Castilla y León, the largest of Spain’s 17 autonomous regions, is entirely landlocked and dominated by the high central meseta (plateau), which yields a somewhat uncompromising climate. Here in the northwest of the country, the topography’s only respite comes from the valley cleaved by the River Duero. It is here that we find two of the region’s most celebrated wine regions, Ribera del Duero and Toro, which harness the Tempranillo grape (aka Tinta del País, Tinto Fino and Tinta de Toro) to make powerful, heady wines. Further to the west lies the increasingly influential and very different DO of Bierzo, where the Mencía grape holds sway, its calling cards a little more perfumed and subtle; and the white DO of Rueda, which falls outside the scope of this tasting.
The quality of big names such as Vega-Sicilia and Hacienda Monasterio in Ribera del Duero, Numanthia in Toro, and Descendientes de Palacio in Bierzo is, quite rightly, taken as a given. The purpose of this tasting was to show depth and breadth in a vast region. There were 75 potential blockbusters, then, for the lucky tasters. Forewarned is forearmed, and our guard was raised further by the number of wines confessing to 15% alcohol and above; one even notched up 16%. How would these wines shape up in a world where the discerning high-end customers of fellow tasters Matteo Montone MS (of private members’ club Maison Estelle) and Pierre Mansour (who buys for the famously knowledgeable clientele at The Wine Society) are increasingly moving away from powerful oaky styles?
The answer is rather well, the best examples apparently carefree of a reputation for excess, all the more potentially problematic in recent hot vintages such as 2018. The fact that 14 of the wines scored 93 points or higher was impressive indeed, and it was promising that so few were weighed down with tasting notes describing ‘overextraction’ or ‘brutal tannins’. Make no mistake, the meteorological conditions in this part of Spain (famously described as ‘nine months of winter, then three months of hell’) can be a challenge. The successful winemakers put the sunshine in the glass but are careful not to forsake a purity that is born out of altitude and marked day/night temperature variations. It was worthy of note that, even though the vast majority of these wines were oaked, many had not been oaked for that long (compared with traditional Rioja, maybe) – a clear nod to a taste for more restrained styles.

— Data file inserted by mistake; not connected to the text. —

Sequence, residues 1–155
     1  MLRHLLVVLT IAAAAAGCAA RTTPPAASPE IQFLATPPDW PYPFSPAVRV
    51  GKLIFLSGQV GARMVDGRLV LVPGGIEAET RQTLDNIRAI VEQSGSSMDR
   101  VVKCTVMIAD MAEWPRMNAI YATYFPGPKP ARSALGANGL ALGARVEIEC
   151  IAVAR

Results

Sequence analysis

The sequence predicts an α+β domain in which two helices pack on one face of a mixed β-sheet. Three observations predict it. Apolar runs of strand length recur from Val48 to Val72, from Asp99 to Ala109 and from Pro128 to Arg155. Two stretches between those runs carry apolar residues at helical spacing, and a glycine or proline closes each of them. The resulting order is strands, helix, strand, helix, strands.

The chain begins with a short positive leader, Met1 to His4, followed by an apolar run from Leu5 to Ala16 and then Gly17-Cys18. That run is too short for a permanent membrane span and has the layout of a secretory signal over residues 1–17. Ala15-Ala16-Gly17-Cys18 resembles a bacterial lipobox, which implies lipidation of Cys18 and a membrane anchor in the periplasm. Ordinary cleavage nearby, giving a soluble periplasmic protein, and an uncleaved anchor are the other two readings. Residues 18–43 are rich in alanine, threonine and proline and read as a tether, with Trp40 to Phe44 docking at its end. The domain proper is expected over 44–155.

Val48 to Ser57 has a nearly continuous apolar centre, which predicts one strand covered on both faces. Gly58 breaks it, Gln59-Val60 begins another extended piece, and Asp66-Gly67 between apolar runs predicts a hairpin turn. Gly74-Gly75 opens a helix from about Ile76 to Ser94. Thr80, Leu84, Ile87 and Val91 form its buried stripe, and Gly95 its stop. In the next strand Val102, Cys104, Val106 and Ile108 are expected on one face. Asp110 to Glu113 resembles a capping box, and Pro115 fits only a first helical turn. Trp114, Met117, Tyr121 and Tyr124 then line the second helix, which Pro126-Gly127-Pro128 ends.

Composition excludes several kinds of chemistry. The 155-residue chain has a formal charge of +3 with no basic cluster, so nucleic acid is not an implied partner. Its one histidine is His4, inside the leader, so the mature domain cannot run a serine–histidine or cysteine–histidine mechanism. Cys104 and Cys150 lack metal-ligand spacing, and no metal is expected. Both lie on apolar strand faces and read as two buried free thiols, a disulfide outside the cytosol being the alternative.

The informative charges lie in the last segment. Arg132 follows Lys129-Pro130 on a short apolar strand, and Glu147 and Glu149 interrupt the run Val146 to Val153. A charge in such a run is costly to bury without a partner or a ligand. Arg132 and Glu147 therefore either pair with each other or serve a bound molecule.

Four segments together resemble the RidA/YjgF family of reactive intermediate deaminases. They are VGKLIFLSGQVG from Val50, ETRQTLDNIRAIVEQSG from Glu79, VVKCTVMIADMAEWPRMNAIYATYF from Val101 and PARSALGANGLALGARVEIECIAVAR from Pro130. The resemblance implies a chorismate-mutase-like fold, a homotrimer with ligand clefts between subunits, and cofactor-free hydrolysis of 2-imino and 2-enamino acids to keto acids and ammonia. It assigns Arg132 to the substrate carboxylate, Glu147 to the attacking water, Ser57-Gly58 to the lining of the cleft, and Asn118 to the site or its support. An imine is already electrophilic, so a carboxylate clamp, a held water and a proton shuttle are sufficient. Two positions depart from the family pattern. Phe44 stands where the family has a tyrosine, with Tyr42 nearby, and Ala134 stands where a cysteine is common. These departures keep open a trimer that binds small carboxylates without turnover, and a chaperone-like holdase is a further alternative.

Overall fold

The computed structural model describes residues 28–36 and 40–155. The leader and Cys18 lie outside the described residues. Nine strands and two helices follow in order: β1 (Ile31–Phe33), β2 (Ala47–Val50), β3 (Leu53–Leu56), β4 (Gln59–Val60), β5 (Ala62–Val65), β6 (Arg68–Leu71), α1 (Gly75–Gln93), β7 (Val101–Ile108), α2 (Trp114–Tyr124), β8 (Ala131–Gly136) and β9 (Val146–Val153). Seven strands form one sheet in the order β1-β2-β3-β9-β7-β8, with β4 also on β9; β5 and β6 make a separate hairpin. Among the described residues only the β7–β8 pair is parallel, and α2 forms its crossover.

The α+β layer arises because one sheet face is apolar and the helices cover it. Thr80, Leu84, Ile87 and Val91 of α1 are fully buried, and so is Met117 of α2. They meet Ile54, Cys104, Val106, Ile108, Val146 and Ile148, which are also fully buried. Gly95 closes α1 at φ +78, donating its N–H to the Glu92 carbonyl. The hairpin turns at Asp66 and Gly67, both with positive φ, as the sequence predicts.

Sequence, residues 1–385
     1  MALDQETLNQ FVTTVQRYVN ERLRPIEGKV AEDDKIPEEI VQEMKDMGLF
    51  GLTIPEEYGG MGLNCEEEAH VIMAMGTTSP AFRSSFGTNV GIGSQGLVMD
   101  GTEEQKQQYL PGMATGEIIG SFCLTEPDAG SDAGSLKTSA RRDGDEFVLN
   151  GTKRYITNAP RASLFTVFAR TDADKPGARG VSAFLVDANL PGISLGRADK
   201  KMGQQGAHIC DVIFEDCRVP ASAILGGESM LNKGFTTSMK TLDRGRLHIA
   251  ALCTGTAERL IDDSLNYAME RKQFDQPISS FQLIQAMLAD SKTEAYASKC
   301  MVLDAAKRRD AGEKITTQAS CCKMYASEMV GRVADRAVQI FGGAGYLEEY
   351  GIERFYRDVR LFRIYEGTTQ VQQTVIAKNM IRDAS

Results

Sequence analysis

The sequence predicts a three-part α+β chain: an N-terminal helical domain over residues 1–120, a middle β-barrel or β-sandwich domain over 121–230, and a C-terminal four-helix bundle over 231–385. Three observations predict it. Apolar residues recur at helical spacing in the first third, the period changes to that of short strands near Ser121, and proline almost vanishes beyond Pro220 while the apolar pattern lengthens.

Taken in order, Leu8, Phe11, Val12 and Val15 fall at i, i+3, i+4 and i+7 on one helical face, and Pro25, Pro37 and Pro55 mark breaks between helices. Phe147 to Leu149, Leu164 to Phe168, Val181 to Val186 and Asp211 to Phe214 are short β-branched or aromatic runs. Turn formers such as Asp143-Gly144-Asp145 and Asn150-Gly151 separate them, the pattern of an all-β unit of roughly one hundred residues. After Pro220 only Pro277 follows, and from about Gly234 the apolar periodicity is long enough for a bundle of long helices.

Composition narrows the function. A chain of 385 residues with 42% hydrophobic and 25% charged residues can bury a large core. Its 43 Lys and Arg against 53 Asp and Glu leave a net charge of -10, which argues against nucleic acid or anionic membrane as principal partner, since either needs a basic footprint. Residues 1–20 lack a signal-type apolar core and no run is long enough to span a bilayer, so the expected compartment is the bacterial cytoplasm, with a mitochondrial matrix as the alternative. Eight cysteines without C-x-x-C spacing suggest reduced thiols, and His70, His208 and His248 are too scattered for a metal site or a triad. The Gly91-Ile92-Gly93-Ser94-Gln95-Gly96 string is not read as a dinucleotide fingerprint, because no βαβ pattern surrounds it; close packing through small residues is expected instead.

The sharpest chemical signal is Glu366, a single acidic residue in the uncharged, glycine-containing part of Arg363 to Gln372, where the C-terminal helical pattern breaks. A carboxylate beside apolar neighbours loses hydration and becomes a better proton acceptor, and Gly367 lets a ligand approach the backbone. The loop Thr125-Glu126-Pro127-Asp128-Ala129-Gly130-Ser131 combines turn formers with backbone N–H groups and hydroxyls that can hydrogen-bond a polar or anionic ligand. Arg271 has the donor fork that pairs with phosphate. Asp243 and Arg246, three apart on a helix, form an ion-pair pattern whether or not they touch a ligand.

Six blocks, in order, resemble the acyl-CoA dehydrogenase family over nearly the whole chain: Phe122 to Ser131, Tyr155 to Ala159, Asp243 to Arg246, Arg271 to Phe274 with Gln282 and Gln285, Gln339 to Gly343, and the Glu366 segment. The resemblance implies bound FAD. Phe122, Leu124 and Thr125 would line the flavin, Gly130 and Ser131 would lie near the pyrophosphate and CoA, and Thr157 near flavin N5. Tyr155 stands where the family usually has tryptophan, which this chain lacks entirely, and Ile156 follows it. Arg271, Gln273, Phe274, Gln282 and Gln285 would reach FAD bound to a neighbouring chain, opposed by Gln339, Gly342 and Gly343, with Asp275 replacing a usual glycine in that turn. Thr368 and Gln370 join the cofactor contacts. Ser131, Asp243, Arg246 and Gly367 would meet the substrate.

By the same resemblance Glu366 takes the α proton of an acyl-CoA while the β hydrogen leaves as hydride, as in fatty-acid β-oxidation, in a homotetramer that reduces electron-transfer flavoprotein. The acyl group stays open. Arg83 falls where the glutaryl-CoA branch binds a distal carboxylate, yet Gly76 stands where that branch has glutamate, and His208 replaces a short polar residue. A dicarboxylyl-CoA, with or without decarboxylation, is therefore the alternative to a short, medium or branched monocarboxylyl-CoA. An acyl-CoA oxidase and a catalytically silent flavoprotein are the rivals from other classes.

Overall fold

Ribera del Duero fared best of the three key regions, with two superb examples from 2016 clearly relishing a little more bottle age from that most classic of vintages. Toro only featured twice in the top 14 wines but was generally able to show wines of harmony and balance despite the high alcohol levels. Bierzo, which is located in the hills on the route of the pilgrimage to Santiago, was not to be outmanoeuvred by such muscular company and, time and again, flaunted its aromatic wares with great charm and elegance. The three high-scorers from 2018 were especially appreciated.
Overall, this was a most promising tasting, which very eloquently demonstrated that behind Castilla y León’s famous vanguard, there are patient battalions of very fine red wines (whites, too, though in far smaller numbers – one for another tasting), all awaiting wider international recognition.
Find a selection of 22 of the best wines below, and to see a full list of top-scorers from the tasting, visit the IWSC.